Citizens’ and farmers’ framing of ‘positive animal welfare’ and the implications for framing positive welfare in communication

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Abstract

Human perception can depend on how an individual frames information in thought and how information is framed in communication. For example, framing something positively, instead of negatively, can change an individual’s response. This is of relevance to ‘positive animal welfare’, which places greater emphasis on farm animals being provided with opportunities for positive experiences. However, little is known about how this framing of animal welfare may influence the perception of key animal welfare stakeholders. Through a qualitative interview study with farmers and citizens, undertaken in Scotland, UK, this paper explores what positive animal welfare evokes to these key welfare stakeholders and highlights the implications of such internal frames for effectively communicating positive welfare in society. Results indicate that citizens make sense of positive welfare by contrasting positive and negative aspects of welfare, and thus frame it as animals having ‘positive experiences’ or being ‘free from negative experiences’. Farmers draw from their existing frames of animal welfare to frame positive welfare as ‘good husbandry’, ‘proactive welfare improvement’ or the ‘animal’s point of view’. Implications of such internal frames (e.g., the triggering of ‘negative welfare’ associations by the word ‘positive’) for the effective communication of positive welfare are also presented
Original languageEnglish
Pages (from-to)147
Number of pages22
JournalAnimals
Volume9
Issue number4
Early online date4 Apr 2019
DOIs
Publication statusFirst published - 4 Apr 2019

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Animal Welfare
communication (human)
animal welfare
Communication
farmers
stakeholders
Domestic Animals
Scotland
farmed animal species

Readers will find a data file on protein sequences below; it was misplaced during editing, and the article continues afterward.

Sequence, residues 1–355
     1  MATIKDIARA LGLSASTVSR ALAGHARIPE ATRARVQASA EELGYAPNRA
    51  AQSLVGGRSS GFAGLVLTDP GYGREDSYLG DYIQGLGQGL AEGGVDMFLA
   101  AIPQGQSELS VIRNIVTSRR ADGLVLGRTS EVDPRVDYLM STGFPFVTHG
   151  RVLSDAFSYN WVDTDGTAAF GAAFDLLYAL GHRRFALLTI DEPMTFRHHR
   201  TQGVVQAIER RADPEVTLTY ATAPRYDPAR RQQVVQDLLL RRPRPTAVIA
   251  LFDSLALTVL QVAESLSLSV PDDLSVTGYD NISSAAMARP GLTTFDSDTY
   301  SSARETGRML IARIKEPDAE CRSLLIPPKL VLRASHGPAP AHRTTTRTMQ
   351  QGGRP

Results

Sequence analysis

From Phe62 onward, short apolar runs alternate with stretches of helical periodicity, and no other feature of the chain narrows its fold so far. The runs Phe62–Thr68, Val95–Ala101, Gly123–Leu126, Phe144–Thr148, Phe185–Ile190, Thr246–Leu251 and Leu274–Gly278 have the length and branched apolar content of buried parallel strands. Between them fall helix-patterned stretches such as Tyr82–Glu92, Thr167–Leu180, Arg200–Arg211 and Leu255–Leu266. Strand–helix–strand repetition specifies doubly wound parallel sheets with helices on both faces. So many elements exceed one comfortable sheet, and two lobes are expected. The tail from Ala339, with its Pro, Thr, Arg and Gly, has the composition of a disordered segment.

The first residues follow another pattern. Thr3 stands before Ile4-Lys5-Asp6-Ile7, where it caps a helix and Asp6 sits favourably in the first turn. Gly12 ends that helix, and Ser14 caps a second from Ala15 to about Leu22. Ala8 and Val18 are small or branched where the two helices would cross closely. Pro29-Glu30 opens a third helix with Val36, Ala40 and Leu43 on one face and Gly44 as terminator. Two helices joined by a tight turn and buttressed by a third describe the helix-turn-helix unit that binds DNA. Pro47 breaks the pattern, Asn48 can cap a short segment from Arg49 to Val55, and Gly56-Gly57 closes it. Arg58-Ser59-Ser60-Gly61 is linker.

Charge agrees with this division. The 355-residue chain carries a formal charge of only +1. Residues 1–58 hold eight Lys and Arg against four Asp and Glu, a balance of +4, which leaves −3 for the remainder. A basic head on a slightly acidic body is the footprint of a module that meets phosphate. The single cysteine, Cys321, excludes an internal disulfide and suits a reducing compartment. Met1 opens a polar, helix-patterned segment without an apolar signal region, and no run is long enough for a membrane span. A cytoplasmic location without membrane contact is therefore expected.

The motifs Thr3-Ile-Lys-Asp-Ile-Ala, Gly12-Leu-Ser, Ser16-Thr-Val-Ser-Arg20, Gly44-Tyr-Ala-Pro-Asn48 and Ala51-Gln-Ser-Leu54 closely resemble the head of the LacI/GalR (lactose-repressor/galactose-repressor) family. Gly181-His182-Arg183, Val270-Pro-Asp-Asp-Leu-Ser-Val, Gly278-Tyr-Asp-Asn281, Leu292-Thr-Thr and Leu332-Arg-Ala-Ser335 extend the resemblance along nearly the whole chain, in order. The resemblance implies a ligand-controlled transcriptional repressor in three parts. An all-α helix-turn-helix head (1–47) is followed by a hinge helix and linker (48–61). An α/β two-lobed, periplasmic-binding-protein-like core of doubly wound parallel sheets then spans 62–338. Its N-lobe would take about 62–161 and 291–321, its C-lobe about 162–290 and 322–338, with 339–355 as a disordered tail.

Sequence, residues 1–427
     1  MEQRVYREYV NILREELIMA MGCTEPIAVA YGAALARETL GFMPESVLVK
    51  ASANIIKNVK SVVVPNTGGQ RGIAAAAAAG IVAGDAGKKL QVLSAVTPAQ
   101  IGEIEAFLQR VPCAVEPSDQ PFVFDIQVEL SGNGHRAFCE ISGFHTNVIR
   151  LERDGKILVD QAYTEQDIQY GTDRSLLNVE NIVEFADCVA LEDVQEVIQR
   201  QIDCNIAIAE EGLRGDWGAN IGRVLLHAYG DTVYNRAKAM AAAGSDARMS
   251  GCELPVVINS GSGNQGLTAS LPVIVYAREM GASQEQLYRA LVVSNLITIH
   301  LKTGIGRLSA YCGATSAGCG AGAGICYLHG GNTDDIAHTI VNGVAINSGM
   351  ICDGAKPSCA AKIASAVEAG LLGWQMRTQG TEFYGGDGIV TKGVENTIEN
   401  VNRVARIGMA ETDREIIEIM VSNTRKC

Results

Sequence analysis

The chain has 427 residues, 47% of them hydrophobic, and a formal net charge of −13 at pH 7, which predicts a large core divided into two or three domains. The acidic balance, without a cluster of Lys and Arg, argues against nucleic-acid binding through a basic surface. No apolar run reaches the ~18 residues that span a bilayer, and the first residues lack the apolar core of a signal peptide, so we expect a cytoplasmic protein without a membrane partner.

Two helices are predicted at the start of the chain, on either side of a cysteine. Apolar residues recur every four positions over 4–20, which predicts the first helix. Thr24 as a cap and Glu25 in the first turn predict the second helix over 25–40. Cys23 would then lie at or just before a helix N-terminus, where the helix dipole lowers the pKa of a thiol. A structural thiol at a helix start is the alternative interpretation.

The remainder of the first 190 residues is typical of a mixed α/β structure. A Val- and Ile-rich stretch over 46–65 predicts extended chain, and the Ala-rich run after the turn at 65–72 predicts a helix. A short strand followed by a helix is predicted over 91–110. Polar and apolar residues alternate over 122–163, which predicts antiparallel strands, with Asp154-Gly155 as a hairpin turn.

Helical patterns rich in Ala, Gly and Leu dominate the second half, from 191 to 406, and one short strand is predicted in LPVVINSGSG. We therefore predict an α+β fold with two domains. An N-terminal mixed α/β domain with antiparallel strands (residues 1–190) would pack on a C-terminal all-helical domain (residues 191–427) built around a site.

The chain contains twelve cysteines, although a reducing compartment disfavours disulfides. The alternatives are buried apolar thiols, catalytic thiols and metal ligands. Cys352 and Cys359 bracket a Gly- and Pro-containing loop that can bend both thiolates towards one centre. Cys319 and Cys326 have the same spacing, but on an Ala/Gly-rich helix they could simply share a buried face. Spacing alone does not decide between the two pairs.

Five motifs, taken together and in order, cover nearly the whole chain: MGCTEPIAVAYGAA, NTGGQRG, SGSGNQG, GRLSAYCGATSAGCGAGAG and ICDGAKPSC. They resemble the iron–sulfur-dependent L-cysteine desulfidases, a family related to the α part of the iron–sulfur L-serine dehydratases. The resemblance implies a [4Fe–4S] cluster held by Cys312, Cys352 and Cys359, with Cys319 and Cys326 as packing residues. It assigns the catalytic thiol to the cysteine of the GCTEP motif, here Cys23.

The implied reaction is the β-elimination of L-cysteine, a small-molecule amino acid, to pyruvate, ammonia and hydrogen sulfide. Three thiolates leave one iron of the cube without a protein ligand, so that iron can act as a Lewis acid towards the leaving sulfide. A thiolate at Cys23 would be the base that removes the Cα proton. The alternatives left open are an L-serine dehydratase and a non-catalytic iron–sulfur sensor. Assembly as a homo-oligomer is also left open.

interviews
animals
Farmers
Interviews

Keywords

  • Farmer perception
  • Citizen perception
  • Qualitative research
  • Free elicitation narrative interviews

Cite this

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Citizens’ and farmers’ framing of ‘positive animal welfare’ and the implications for framing positive welfare in communication. / Vigors, Belinda.

In: Animals, Vol. 9, No. 4, 04.04.2019, p. 147.

Research output: Contribution to journalArticleResearchpeer-review

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AB - Human perception can depend on how an individual frames information in thought and how information is framed in communication. For example, framing something positively, instead of negatively, can change an individual’s response. This is of relevance to ‘positive animal welfare’, which places greater emphasis on farm animals being provided with opportunities for positive experiences. However, little is known about how this framing of animal welfare may influence the perception of key animal welfare stakeholders. Through a qualitative interview study with farmers and citizens, undertaken in Scotland, UK, this paper explores what positive animal welfare evokes to these key welfare stakeholders and highlights the implications of such internal frames for effectively communicating positive welfare in society. Results indicate that citizens make sense of positive welfare by contrasting positive and negative aspects of welfare, and thus frame it as animals having ‘positive experiences’ or being ‘free from negative experiences’. Farmers draw from their existing frames of animal welfare to frame positive welfare as ‘good husbandry’, ‘proactive welfare improvement’ or the ‘animal’s point of view’. Implications of such internal frames (e.g., the triggering of ‘negative welfare’ associations by the word ‘positive’) for the effective communication of positive welfare are also presented

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